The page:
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18. That said psychological defect or illness is grave,


serious and incurable and existed prior to the marriage
and became manifest during its existence;

19. That petitioner and respondent have not acquired any


real properties in the course of their marriage.

PRAYER

WHEREFORE, premises considered, it is most respectfully


prayed that the marriage of the petitioner with the respondent be
declared a nullity. It is likewise prayed that if and when parties are
able to enter into an extrajudicial settlement as to custody and
joint parenting, the same be adopted by this Court and in the
absence thereof, a fair and just settlement of their rights and
obligations as parents be adjudicated by this Honorable Court.
We pray for such other reliefs, just and equitable under the
premises.

San Juan. May 12, 2018


BELLEZA ASSOCIATES LAW OFFICE
4th Floor Courtyard Tower Enterprise
Road, Iloilo Business Park, Mandurriao,
Iloilo City, 5000 Iloilo
IBP No. 827847, 6/8/14, IC
PTR No. 576784, 6/8/16, IC
Attorney’s Roll No. 374435
MCLE Compliance No. 11-0989699

VERIFICATION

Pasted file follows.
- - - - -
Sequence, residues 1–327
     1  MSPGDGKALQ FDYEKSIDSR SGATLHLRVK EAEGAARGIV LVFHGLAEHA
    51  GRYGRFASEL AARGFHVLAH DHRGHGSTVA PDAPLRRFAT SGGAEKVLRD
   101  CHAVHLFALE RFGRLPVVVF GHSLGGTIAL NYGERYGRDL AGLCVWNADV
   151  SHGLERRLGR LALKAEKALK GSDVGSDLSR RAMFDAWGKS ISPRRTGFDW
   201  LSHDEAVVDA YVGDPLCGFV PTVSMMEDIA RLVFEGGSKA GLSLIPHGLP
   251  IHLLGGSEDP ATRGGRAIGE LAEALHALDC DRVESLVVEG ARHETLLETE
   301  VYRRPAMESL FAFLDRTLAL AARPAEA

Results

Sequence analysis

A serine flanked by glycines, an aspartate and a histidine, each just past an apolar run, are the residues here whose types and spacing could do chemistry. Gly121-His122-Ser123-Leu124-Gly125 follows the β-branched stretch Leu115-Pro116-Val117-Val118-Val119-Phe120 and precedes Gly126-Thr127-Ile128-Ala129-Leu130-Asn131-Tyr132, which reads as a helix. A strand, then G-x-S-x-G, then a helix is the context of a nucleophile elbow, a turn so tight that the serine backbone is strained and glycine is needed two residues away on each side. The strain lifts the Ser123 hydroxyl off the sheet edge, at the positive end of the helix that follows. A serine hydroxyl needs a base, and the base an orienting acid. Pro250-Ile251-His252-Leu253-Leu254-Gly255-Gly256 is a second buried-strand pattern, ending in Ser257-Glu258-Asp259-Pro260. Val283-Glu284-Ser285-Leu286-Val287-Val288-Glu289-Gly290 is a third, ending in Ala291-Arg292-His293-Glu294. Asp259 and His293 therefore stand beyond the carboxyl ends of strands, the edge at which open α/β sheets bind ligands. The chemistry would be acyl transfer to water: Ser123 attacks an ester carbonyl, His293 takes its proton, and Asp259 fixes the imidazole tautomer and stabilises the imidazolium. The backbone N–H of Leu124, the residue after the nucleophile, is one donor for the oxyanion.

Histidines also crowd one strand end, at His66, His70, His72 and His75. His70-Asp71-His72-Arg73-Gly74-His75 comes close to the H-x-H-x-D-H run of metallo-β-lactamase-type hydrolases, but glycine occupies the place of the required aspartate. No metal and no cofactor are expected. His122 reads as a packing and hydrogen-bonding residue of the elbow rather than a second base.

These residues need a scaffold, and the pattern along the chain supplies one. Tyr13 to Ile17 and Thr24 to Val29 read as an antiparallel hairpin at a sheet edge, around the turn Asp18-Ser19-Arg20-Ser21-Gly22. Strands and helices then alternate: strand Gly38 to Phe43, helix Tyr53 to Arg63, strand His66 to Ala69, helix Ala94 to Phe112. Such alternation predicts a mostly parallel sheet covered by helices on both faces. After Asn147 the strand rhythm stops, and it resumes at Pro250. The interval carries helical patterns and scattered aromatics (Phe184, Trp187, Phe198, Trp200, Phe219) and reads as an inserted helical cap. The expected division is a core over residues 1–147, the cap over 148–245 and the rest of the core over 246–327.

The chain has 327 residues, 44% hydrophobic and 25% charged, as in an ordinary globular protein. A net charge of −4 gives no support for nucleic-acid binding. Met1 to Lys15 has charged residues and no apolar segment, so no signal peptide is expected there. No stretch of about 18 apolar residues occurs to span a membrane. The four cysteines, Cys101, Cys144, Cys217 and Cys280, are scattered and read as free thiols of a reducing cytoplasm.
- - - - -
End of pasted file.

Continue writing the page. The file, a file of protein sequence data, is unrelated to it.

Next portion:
I, DHENVER SOLIVA, of legal age, under oath, states:

01. That I am the petitioner in this case and that I have


caused the preparation of the same petition;

02. That I attest to the truth of all the allegations in the


same petition of my own personal knowledge;

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03. In compliance to the Supreme Court circular against


forum shopping, I hereby certify that: a) I have not commenced
any other action or proceeding involving the same issues before
the Supreme Court, or Court of Appeals, or any other tribunal or
agency; b) to the best of my knowledge, no such action or
proceedings is pending in the Supreme Court, Court of Appeals or
any other tribunal or agency; c) If I should learned that similar
action or proceeding has been filed or is pending before such
tribunals or bodies, I shall report that fact within five (5) days
therefrom to the court of agency where the original pleading and
sworn certification have been filed.

DHENVER SOLIVA

Affiant

SUBSCRIBED and SWORN to before me this 8th day of May


2018, affiant exhibited to me his Drivers License dated February
20, 2002 issued in Iloilo City.

Doc. No. 3
Page No. 3
Book No. II
Series of 2018.